Mental Health Awareness Week: Why kindness is good for the mind

With this year’s Mental Health Awareness Week (18-24 May) focusing on the power and potential of kindness, it feels like a particularly poignant time to think about how we can be kinder to our friends and neighbours.

At Encore Care Homes, we provide a solid support network for our residents. Whether that’s connecting friends and family through video-calls to the daily emotional support we give.

It’s also vitally important that we look after the welfare of our carers and support teams across our four homes in the south. To make daily life easier during the current challenging times, we have introduced many new benefits and additional supportive measures.

These have included delivery of over 400 free food parcels to team members, comprehensive PPE training and improved access to mental wellbeing support.

With the psychological and social impacts of our ‘new normal’, being kind to ourselves and others feels like a matter of public duty – and one that we should all take steps to undertake.

The good news is that going the extra mile for other people isn’t totally selfless – it has some benefits for you too, and you don’t have to spend lots of time and money to achieve them.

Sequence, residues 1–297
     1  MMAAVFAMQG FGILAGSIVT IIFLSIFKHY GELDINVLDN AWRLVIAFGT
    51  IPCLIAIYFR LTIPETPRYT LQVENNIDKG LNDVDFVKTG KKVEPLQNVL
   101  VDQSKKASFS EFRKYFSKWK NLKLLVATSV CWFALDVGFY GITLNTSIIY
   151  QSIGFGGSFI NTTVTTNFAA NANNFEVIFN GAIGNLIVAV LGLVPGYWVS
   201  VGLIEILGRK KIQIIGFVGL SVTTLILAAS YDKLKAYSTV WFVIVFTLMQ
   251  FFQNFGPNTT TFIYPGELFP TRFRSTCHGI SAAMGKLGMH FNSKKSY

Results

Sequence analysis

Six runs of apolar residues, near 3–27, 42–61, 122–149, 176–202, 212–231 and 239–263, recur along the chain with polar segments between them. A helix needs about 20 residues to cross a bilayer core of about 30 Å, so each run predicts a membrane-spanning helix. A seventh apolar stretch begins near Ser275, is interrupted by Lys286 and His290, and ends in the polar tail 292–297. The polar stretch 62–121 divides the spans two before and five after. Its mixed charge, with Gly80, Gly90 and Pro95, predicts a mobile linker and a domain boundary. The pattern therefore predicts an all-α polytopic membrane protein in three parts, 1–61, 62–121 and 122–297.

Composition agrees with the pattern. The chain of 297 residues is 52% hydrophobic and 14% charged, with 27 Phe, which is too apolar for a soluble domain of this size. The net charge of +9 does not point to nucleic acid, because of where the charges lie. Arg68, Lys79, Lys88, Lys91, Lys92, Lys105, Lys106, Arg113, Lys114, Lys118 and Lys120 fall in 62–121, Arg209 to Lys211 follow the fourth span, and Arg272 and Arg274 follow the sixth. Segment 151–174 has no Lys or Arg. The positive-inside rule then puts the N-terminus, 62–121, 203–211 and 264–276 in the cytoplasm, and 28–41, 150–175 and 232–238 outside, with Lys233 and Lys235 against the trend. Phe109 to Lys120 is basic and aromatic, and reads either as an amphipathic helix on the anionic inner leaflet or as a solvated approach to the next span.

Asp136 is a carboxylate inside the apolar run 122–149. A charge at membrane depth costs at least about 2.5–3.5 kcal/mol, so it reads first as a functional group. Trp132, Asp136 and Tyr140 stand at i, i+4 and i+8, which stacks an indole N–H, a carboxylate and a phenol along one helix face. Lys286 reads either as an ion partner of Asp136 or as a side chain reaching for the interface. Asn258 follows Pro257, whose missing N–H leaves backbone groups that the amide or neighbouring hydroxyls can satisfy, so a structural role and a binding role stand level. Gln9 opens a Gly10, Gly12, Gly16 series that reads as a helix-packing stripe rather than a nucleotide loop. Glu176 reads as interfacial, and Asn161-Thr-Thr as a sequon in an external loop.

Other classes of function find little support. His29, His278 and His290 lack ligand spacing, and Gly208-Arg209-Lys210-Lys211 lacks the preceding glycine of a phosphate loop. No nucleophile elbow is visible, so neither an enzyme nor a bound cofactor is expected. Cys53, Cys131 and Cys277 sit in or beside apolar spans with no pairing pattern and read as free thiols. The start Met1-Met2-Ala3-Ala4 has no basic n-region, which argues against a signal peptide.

Here are three science-backed benefits of being a kind and conscientious person…

Kindness can reduce stress

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After a particularly hectic day at work, you might think about running a bath or cracking open a bottle of wine as a self-care method – but research shows that volunteering your time to others, even in the smallest ways, is secretly a super effective way to beat stress.

A 2015 study published in the journal Sage asked 77 people to keep a mental health diary on their smartphones, charting their mood and stress levels over a number of weeks. The researchers then asked participants to note down how many ‘prosocial behaviours’ (acts intended to benefit others) they completed each day. These behaviours included little acts of kindness like holding the door for someone or giving an honest compliment to a stranger.

The researchers found that when the participants were stressed, it would have a markedly negative impact on their mood. But on the days when when they performed more prosocial behaviours, the participants found that their moods weren’t as negatively affectedby stress, and they tended to rate their mental health as being more positive on the whole.

It can help with isolation

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A study by the Co-op and the British Red Cross found that over nine million people in the UK – more than the population of London – are either always or often lonely. And with social distancing rules set to last for some time, feelings of disconnection are sadly on the rise.

As well as scheduling in regular Zoom calls with friends and family, taking intentional steps to be nice and help other people could help to tackle feelings of isolation, as studies have found that those who make time to help others actually stop feeling lonely themselves.